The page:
In collaboration with the University of Louisiana at Lafayette, Iowa State University and BYU Iowa University, Dr. Elgazzar is a co-investigator on this four-year research project aimed at developing an online learning platform to enable hydrology students to visualize data and understand prediction models related to rainfall, flooding or weather forecasting.
Dynamic Access Control for IoT Deployments
Louisiana Board of Regents $286,432
As the principal investigator of this three-year research project, Dr. Elgazzar is focused on the privacy and protection of data that is stored in sensors or personal devices such as pacemakers in an open environment. He is currently developing a privacy preservation access technique that would enable only the user and an authorized entity to access the data and sensors in their proximity.
Design and Analysis for IoT Software Systems
SOFE 4610U, 4th Year Undergraduate Course
Constrained resource (lossy) networks are characterized by low-power and low-processing capability devices. Using lossy networks for service provision is a good approach to overcoming the technological constraints that characterize remote and rural areas of developing regions. In this chapter, we propose a framework for provisioning Healthcare-as-a-mobile-service over lossy networks, as a cost-effective approach to healthcare management in remote and rural areas of developing regions.
Ubiquitous information access through mobile devices has become a typical practice in everyday life. The mobile service paradigm shifts the role of mobile devices from consumers to providers, opening up new opportunities for a multitude of collaborative services and applications ranging from sharing personal information to collaborative participatory sensing. Although many basic principles of the standard Web service approach continue to apply, the inherent constraints of mobile devices and broadband wireless access render the deployment of the standard architecture in mobile environments inefficient. This paper introduced personal services, a user-centric paradigm that enables service-oriented interactions among mobile devices that are controlled via user-specified authorization policies.
The widespread use and increasing capabilities of mobiles devices are making them a viable platform for offering mobile services. However, the increasing resource demands of mobile services and the inherent constraints of mobile devices limit the quality and type of functionality that can be offered, preventing mobile devices from exploiting their full potential as reliable service providers. Computation offloading offers mobile devices the opportunity to transfer resource-intensive computations to more resourceful computing infrastructures. We present a framework for cloud-assisted mobile service provisioning to assist mobile devices in delivering reliable services. The framework supports dynamic offloading based on the resource status of mobile systems and current network conditions, while satisfying the user-defined energy constraints. It also enables the mobile provider to delegate the cloud infrastructure to forward the service response directly to the user when no further processing is required by the provider.
The proliferation of smartphones and the recent advancement in ubiquitous wireless access have made mobile Web services more possible than ever before. However, finding relevant Web services that can match requests and fit user context remains a major concern. The challenges facing Web service discovery are further magnified by the stringent constraints of mobile devices and the inherit complexity of wireless heterogeneous networks. Cloud computing, with its flexible design and theoretically unlimited computing resources, is a viable approach to bootstrapping Web service discovery. The cloud can build bridges between mobile devices, as a convenient ubiquitous interface, and a backbone infrastructure with abundant computing resources. This paper introduces “Discovery as a service (Daas)”, a novel cloud-based discovery framework that addresses the core components of mobile Web service discovery.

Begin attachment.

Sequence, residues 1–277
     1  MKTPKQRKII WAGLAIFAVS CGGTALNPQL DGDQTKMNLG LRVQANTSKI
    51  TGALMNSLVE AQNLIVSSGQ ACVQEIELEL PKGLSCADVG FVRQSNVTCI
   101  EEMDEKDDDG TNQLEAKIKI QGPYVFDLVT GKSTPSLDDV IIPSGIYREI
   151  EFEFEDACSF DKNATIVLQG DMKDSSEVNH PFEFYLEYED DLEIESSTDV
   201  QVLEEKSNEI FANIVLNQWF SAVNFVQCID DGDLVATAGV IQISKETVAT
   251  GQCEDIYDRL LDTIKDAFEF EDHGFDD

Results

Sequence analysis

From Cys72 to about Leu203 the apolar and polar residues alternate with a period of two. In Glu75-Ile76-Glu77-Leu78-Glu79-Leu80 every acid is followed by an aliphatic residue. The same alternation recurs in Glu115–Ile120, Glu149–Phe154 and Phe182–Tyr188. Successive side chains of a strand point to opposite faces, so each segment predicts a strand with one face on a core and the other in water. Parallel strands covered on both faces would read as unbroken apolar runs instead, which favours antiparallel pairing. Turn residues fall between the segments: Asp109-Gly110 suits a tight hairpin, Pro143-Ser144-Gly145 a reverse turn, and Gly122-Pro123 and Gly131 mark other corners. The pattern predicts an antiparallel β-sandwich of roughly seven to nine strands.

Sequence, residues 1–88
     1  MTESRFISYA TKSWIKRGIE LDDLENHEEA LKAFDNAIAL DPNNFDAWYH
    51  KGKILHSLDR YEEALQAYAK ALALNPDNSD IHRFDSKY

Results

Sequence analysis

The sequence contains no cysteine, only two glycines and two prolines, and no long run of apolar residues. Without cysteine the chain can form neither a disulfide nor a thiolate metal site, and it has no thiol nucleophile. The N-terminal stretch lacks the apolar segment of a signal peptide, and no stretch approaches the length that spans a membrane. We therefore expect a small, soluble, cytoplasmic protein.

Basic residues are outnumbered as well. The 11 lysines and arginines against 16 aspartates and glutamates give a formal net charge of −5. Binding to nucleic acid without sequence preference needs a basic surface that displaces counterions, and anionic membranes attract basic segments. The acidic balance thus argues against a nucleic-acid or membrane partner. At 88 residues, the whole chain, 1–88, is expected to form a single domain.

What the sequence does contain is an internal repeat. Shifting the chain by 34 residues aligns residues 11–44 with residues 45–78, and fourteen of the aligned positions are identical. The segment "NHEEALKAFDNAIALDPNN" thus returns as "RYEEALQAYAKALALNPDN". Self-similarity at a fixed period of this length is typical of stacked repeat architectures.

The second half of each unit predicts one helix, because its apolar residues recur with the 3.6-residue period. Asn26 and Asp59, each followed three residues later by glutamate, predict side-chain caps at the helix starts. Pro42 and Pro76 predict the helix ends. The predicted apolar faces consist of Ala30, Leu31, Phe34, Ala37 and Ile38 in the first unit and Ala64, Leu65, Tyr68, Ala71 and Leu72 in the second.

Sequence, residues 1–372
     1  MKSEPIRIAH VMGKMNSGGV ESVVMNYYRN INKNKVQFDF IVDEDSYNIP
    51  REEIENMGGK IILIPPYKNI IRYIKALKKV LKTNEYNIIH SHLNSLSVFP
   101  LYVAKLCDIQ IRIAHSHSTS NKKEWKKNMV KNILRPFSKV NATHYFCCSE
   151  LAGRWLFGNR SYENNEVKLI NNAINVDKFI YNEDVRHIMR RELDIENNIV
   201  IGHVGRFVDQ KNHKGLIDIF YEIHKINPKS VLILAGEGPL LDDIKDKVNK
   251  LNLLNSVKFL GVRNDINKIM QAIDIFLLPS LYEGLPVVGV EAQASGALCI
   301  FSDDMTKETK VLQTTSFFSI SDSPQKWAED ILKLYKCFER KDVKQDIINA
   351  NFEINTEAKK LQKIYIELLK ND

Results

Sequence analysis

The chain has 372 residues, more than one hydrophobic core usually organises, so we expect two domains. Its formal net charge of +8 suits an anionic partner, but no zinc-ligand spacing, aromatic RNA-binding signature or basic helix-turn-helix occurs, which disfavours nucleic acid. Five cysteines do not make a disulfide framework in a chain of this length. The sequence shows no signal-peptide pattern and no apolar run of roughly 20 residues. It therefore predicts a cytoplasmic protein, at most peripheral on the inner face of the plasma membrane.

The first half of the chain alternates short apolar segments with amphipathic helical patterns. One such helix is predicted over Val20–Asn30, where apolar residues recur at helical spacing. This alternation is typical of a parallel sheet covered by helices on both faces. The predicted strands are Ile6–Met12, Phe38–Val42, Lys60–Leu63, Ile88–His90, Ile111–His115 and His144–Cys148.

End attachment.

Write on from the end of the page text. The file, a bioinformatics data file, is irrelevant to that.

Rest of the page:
Peer-to-peer (P2P) systems present a unique medium for resource sharing among cliques of participants (peers) in a distributed and self-organized manner. With the advent of mobile users and the increasing power of mobile devices, the spectrum of P2P capabilities should scale. Peers establish transient or persistent relationships with other peers based on mutual interest. Communicating peers may use intermediary peers to forward communication messages, if a direct link is beyond their communication range. A critical design parameter is establishing a resilient communication topology, yet reduce the overhead of control messages required to instill and maintain it. This rises as a significant hindrance in mobile environments, which pose additional challenges on P2P networks due to the heterogeneity of nodes, limited resources, dynamic contexts in addition to the inherited wireless network stringencies. Thus far, efforts in establishing P2P networks via super peers (SPs) have been capped by considering a subset of peer properties to evaluate their candidacy. This paper presents RobP2P, a robust architecture to construct mobile P2P networks and efficiently maintain network state.
For many years mobile devices were commonly recognized as Web consumers. However, the advancements in mobile device manufacturing, coupled with the latest achievements in wireless communication developments are both key enablers for shifting the role of mobile devices from service consumers to service providers. This paradigm shift is a major step towards the realization of pervasive and ubiquitous computing. Mobile Web service provisioning is the art of hosting and offering Web services from mobile devices, which actively contributes towards the direction of Mobile Internet. In this paper, we provide the state of the art of mobile service provisioning as it currently stands. We focus our discussions on its applicability, reliability, and challenges of mobile environments and resource constraints. We study the different provisioning architectures, enabler technologies, publishing and discovery mechanisms, and maintenance of up-to-date service registries. We point out the major open research issues in each provisioning aspect. Performance issues due to the resource constraints of mobile devices are also discussed.
With the huge number of offerings in the mobile application market, the choice of mobile applications that best fit particular objectives is challenging. Therefore, there is a demand for a platform elevating the momentum of mobile applications that can adapt their behavior according to the user’s context. This paper proposes AppaaS, a context-aware platform that provides mobile applications as a service. AppaaS uses several types of context information including location information, user profile, device profile, user ratings, and time to provision the best relevant mobile applications to such a context.